Menu Close

Intensive Outpatient Program: Seven Reasons to Love It

therapist with clipboard leading small group of adults outdoors

The Intensive Outpatient Program, called IOP for short, is a 3-4 hour daily therapeutic program for patients suffering from mental illness. It is the step-down of the step-down. Whereas patients with the most severe symptoms are admitted to the Inpatient Program (24-hour supervision) and then downgraded to the Partial Hospitalization Program (a full-day program, generally), IOP is the least restrictive, demanding, and time-consuming. It is for patients with significant but not severe symptoms. And it has numerous benefits. There are good things about every program, from the therapy to the relationships with other patients. Here are seven reasons to love the Intensive Outpatient Program, starting with…

1. You Get to Go Home at Night

This is something only patients who have been in the Inpatient Program will understand: With IOP, a patient gets to go home at night. After days (and sometimes weeks) of being cooped up in a single hall, sharing a room with someone, dealing with the drudgery of sitting in the common room sipping decaf coffee and playing cards, you finally get to go home. That means your own comfortable bed, your own bathroom (with a door), video games to play with, and delicious meals you can cook, rather than the cafeteria food from the hospital. You’ll never have wanted those things so bad.

2. Group Therapy

The main course within the Intensive Outpatient Program is group therapy, a situation similar to that in Inpatient and support groups in the community. The patients sit in a circle, introduce themselves, share how they’re feeling (usually with a word that is not “good” or “fine”) and then share or not share about their personal problems. There are perks. Group therapy is useful for those suffering from trauma, as it can allow them to connect to others who have experienced the same or similar things. Group therapy is good for connection between those suffering from the same disorders, who may have shared experiences they might want to talk about.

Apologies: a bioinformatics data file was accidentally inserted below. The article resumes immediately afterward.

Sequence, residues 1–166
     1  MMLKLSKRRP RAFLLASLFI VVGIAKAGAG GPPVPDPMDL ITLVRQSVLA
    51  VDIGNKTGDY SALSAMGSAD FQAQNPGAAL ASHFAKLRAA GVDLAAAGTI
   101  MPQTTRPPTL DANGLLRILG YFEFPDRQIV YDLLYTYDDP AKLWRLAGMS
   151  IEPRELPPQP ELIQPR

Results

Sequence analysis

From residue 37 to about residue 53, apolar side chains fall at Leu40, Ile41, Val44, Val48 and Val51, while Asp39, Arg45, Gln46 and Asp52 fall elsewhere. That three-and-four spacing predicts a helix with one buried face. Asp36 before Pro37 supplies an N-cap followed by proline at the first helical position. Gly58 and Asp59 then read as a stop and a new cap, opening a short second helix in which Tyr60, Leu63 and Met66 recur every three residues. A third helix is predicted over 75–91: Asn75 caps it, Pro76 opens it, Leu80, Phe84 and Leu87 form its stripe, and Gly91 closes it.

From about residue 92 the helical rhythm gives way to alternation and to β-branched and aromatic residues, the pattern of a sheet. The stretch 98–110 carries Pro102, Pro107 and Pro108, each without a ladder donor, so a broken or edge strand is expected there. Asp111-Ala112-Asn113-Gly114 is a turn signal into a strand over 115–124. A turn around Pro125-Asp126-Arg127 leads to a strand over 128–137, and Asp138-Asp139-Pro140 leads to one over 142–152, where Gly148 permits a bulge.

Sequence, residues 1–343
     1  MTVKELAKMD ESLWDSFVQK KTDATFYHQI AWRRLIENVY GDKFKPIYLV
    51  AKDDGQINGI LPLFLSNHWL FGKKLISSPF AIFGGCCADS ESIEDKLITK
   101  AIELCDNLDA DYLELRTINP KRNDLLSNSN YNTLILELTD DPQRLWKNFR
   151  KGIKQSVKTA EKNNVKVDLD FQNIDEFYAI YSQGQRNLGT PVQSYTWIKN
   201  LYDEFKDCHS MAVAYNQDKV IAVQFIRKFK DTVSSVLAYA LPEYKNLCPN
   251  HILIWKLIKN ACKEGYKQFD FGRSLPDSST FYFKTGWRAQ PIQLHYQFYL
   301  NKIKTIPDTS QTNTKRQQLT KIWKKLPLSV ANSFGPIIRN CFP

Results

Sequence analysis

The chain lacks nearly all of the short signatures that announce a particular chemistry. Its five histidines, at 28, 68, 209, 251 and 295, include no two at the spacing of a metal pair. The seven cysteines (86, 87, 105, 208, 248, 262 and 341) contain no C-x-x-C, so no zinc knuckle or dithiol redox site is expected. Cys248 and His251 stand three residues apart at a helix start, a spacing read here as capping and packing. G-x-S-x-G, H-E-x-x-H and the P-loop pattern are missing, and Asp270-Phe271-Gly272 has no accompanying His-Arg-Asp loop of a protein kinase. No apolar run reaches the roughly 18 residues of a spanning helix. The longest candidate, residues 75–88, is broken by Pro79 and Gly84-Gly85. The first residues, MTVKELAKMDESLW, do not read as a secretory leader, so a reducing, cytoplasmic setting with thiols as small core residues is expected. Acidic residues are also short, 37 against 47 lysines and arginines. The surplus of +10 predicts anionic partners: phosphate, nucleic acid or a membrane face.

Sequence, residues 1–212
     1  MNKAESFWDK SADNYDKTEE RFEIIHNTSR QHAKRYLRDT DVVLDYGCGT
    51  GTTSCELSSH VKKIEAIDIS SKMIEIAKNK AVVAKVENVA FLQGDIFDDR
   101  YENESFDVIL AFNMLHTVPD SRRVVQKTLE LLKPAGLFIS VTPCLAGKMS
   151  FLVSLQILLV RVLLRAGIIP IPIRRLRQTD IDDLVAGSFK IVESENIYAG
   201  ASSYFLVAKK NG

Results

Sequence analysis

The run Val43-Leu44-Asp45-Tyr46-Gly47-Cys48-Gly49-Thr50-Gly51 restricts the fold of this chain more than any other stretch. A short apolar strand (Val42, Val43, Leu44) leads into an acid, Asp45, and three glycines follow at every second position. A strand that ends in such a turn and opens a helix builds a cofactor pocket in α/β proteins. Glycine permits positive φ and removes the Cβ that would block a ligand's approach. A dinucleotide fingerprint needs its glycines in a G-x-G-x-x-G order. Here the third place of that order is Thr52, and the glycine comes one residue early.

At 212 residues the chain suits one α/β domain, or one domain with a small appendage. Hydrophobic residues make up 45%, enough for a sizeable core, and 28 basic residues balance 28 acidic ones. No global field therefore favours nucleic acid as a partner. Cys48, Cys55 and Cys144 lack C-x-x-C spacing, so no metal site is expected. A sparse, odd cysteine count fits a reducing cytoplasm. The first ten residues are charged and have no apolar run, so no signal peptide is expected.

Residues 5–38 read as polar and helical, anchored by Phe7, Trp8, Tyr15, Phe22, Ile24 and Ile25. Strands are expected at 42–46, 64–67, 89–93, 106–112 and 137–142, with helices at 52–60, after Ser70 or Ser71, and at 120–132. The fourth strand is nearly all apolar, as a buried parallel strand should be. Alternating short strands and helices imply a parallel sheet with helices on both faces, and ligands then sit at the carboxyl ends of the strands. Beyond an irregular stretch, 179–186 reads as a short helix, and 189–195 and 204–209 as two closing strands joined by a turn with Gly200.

3. Early Morning Breakfast

While the main course of IOP is group therapy, there is an actual second course, which is, well, food. There’s fewer things better than being fed and many IOP programs do just that. Sometimes, it’s just a piece of fruit or a bagel or something like toast with jam, but it helps to have little things to motivate yourself to go to the IOP, sometimes as early as 8:30 am. The early morning breakfast is also a good opportunity for patients to meet fellow patients. Relationships always help protect against flare ups with mental illness symptoms, and even if you meet in an IOP program, you can take those relationships outside of the program. Speaking of…

4. Relationships with Fellow Patients